Review

Review: The Coldest Girl In Coldtown by Holly Black

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3 out of 5 stars | Goodreads

I received a copy of this book for free from the pubisher, in exchange for an honest review.

Opening with one of the most horrific beginnings I can remember in Young Adult fiction, The Coldest Girl In Coldtown starts with a young girl named Tana waking up after a party. After extricating herself from the bathtub in which she slept, she emerges into the living room to find the usual remains of a alcohol-fueled house party – empty bottles, bowls of half-eaten nibbles, clothes strewn around the room – along with the corpses of her friends and classmates. The only other person left alive happens to be her ex-boyfriend Aidan, whom she finds tied to a bed, and in the company of a vampire.

I have read in a couple of reviews that some people were put off by Tana’s ‘party girl image’. I don’t really understand this criticism: if I stopped reading a book because a character had an interest or trait that was unfamiliar to me then I’d never finish a book. Needless to say, I wouldn’t get very far in fantasy or science fiction. However, I did not really like Tana very much – for one, she was incredibly fickle. I was mostly confused about what she actually wanted: she couldn’t seem to decide whether she wanted to remain human or become a vampire, at times she was both strongly against and for the idea. Her relationship with Aidan was also pretty twisted and she allowed herself to be used as well as using him, which was sad. She’s obviously quite a troubled soul. Unlike Midnight and Winter, who were pretty much the ultimate ‘typical’ angsty Goth teens, and who probably have a perfectly normal home life that they’re unhappy with for reasons unknown. They just annoyed me more than anything.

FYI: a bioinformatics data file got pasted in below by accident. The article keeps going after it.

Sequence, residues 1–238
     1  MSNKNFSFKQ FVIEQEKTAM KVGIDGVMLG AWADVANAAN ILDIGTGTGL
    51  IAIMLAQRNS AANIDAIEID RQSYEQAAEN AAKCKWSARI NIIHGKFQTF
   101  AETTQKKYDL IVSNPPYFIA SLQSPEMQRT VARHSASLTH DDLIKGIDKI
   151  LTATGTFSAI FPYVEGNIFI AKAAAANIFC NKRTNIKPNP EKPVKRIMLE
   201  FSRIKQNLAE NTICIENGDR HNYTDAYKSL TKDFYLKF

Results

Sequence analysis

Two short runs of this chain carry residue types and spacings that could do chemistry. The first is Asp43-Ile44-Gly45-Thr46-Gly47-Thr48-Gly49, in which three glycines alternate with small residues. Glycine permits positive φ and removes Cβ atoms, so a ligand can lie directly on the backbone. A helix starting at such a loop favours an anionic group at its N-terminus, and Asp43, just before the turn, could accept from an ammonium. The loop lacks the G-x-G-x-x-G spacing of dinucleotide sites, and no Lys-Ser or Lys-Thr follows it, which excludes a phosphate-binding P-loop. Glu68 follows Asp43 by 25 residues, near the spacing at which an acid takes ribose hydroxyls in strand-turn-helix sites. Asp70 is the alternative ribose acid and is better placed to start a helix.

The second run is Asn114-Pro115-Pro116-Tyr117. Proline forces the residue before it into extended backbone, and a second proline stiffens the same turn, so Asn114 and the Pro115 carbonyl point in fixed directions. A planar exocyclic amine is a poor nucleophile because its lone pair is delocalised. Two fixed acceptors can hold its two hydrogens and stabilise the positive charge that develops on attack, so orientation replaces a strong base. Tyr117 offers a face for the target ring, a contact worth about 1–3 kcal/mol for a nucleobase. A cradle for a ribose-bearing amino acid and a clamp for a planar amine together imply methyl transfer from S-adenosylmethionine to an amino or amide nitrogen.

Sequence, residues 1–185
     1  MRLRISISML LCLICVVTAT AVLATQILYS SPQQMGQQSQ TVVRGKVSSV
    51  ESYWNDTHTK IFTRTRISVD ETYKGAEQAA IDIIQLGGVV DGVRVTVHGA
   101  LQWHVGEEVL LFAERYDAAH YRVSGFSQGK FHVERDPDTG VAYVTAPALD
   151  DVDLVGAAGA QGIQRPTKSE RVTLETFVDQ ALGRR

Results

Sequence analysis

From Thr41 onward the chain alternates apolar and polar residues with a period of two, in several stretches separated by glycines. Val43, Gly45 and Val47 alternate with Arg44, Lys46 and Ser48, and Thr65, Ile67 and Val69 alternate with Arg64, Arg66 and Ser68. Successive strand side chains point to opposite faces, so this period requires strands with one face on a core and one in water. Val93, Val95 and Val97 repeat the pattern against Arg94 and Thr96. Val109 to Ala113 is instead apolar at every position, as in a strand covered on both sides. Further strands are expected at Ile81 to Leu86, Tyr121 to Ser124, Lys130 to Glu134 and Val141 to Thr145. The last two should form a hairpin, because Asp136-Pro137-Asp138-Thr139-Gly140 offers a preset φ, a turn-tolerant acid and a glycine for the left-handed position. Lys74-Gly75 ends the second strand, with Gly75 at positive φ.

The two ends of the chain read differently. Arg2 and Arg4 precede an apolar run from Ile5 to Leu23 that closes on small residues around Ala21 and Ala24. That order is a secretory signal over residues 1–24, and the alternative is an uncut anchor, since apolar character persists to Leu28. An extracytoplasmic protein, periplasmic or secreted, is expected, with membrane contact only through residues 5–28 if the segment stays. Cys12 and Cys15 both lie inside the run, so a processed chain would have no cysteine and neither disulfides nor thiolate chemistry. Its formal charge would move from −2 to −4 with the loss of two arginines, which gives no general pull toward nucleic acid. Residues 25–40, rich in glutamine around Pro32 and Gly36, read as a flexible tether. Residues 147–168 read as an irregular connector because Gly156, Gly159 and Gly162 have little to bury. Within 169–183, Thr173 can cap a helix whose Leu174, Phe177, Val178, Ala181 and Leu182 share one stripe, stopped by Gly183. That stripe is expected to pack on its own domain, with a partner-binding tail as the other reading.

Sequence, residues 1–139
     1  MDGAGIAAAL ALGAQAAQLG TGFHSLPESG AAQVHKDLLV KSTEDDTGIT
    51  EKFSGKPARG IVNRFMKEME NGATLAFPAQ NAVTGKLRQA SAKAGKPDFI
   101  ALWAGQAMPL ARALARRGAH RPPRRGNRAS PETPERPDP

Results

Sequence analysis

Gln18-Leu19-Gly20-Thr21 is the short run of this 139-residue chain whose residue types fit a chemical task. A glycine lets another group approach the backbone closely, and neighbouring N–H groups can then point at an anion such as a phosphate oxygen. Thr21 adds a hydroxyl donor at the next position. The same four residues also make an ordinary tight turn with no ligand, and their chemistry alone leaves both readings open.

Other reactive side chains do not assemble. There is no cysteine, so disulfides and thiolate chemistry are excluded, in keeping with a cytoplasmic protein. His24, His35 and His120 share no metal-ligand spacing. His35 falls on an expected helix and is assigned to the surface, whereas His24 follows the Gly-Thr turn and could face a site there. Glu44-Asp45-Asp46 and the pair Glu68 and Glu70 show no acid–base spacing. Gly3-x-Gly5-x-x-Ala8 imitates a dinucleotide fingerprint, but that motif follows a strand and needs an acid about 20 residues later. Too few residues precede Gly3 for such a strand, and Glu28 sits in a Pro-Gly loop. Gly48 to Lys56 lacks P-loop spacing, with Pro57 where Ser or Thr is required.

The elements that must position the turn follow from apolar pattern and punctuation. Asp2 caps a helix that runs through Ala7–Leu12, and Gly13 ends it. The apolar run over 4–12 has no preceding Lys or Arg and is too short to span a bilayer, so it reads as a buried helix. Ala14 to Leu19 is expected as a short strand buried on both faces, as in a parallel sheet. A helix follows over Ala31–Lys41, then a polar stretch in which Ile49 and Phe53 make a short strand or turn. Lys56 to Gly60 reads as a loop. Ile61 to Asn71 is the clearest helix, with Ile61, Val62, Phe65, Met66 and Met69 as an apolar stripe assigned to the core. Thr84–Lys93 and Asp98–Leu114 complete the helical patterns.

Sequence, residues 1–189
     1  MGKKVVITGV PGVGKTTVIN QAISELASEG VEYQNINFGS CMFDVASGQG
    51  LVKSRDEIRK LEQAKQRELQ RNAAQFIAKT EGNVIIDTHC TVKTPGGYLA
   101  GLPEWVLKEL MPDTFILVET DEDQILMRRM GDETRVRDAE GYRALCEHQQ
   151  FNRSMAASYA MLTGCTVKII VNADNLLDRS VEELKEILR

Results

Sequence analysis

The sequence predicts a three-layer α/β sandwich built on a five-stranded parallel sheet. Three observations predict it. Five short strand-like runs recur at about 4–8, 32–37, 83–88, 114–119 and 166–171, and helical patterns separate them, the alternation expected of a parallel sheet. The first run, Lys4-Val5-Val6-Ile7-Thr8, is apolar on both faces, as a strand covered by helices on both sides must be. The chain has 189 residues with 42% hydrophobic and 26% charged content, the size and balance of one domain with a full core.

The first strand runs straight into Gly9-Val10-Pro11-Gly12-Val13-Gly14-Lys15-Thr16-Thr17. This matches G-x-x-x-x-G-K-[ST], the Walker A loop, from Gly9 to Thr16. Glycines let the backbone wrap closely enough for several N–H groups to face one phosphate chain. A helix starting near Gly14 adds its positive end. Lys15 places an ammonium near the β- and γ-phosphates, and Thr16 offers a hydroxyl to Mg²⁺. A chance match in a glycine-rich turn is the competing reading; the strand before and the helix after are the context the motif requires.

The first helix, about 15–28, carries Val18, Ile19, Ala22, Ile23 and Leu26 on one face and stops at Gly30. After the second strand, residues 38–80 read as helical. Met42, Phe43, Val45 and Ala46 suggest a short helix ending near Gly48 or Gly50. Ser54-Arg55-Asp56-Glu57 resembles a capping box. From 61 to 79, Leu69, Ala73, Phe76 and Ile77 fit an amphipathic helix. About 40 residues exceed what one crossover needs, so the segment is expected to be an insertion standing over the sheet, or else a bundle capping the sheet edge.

I can’t really explain why, but this book just did not live up to the hype for me. In a world that’s over-saturated with vampire books and films, this didn’t feel like anything particularly original. I did like the idea of Coldtowns and mixing the archaic view of vampires with the new by introducing a reality TV show, but it just wasn’t enough. I felt the book really dragging in some spots; I don’t know if it was because I had about a week where I didn’t have time to read so the story sort of got broken into two.

Overall, not particularly my cup of tea. A good read for paranormal and vampire fans, but there was nothing of note for me here.

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Review

Review: Midnight Crossroad (Midnight #1) by Charlaine Harris

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3 out of 5 stars | Goodreads

I received a copy of this book for free from the publisher, in exchange for an honest review.

Previously on the blog, I’ve discussed Charlaine Harris’ Sookie Stackhouse Novels quite a bit. I’ve recommended books for fans of the TV show adaptation, written a guide to the series for Horror October, discussed representations of vampires in media and chatted about my thoughts on the series. The series may have dragged a little towards the end in my opinion, but I carried on reading because I had to know what happened to Sookie and co – and overall it’s a series that I’ll always cherish, for its wonderfully dark sense of humour and great cast of characters. So imagine my delight when I discovered that Charlaine was working on another series – one that promises to bring together characters from ALL of her previous series! And thanks to both Netgalley and the publisher, Gollancz, I’ve had the chance to read the first book.